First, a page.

Antiquities of the Jews book12 chapter7:7 "Now Judas celebrated the festival of the restoration of the sacrifices of the temple for eight days, and omitted no sort of pleasures thereon; but he feasted them upon very rich and splendid sacrifices; and he honored God, and delighted them by hymns and psalms. Nay, they were so very glad at the revival of their customs, when, after a long time of intermission, they unexpectedly had regained the freedom of their worship, that they made it a law for their posterity, that they should keep a festival, on account of the restoration of their temple worship, for eight days. And from that time to this we celebrate this festival, and call it Lights. I suppose the reason was, because this liberty beyond our hopes appeared to us; and that thence was the name given to that festival."

The only mention of it in scripture is found in John.

John 10:22 "And it was at Jerusalem the feast of the dedication, and it was winter."

So according to Maccabees, Hanukkah began as a public edict and ratified by a vote to be celebrated in the same way as the festival of booths.

According to the Jewish Encyclopedia of 1906:

The Feast of Dedication, also called "Feast of the Maccabees," celebrated during eight days from the twenty-fifth day of Kislew (December), chiefly as a festival of lights. It was instituted by Judas Maccabeus, his brothers, and the elders of the congregation of Israel, in the year 165 B.C., to be celebrated annually with mirth and joy as a memorial of the dedication of the altar (I Macc. iv. 59) or of the purification of the sanctuary (II Macc. i. 18). Three years earlier, on the same day, Antiochus Epiphanes had caused a pagan altar to be set up at the altar of burnt offerings in the Temple at Jerusalem, and sacrifices to be offered to his idol (I Macc. i. 41-64; II Macc. vi. 2). The idol called "Zeus Olympius" was probably also called "Ba’al Shamayim," of which seems to be a cacophemy (Dan. xi. 31, xii. 11; I Macc. i. 54; see Hoffmann, "Ueber Einige Phönizische Inschriften," 1889, p. 29).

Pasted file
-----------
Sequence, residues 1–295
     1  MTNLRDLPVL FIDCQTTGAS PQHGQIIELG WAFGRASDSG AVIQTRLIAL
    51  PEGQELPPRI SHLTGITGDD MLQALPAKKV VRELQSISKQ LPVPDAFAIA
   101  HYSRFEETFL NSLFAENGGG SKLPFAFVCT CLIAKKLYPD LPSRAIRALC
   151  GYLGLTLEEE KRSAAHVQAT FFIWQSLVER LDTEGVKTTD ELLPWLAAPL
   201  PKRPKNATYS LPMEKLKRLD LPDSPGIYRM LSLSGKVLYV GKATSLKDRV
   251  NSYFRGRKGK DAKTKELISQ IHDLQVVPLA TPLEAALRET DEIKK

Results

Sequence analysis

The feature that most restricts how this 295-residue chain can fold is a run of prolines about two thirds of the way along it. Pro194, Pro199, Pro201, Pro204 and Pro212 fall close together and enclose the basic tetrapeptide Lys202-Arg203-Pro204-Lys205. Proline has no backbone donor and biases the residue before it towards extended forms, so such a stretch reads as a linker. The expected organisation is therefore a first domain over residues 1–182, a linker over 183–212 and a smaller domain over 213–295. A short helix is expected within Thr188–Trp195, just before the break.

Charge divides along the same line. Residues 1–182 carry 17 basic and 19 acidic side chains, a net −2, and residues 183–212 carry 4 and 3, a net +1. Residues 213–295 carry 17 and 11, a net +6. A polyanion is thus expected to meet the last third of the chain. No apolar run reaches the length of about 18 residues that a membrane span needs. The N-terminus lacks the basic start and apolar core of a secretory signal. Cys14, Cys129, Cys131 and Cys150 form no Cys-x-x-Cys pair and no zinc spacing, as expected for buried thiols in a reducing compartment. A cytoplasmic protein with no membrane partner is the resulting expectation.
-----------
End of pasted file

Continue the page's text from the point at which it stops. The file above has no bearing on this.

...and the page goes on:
After having recovered the Holy City and the Temple, Judas ordered the latter to be cleansed, a new altar to be built in place of the one polluted, and new holy vessels to be made. When the fire had been kindled anew upon the altar and the lamps of the candlestick lit, the dedication of the altar was celebrated for eight days amid sacrifices and songs (I Macc. iv. 36), similarly to the Feast of Tabernacles (II Macc. x. 6; comp. ib. i. 9), which also lasts for eight days, and at which during the Second Temple (Suk.v. 2-4) the lighting of lamps and torches formed a prominent part. Lights were also kindled in the household, and the popular name of the festival was, therefore, according to Josephus (“Ant.” xii. 7, § 7), Πῶτα = “Festival of Lights.” http://www.jewishencyclopedia.com/articles/7233-hanukkah accessed 11/05/17


So what is the Talmud?

The Talmud is the central text of Rabbinic Judaism and the primary source of Jewish religious law and Jewish theology. The Talmud was the centerpiece of Jewish cultural life and the foundation of all Jewish thought and aspirations. It contains the teachings and opinions of thousands of rabbis, dating from before the Common Era through to the fifth century, on a variety of subjects, Jewish ethics, philosophy, customs, history, and folklore, and other topics. The Talmud is the basis for Jewish law.

When did the gift giving and home decorations come into practice?

In countries where Christmas was widespread, those rituals began appearing in the Hanukkah celebrations, for example, exchange gifts and decorating ones home. 

Celebrating Hanukkah in the manner of the festival of booths has been lost, and based upon the facts above, it appears that lies and paganism has over taken this festival.

When celebrating Hanukkah, keep in mind what Jesus said,

"For laying aside the commandment of God, ye hold the tradition of men, as the washing of pots and cups: and many other such like things ye do. And he said unto them, Full well ye reject the commandment of God, that ye may keep your own tradition." (Mark 7:7-9)

 

The Church of God Proclaimed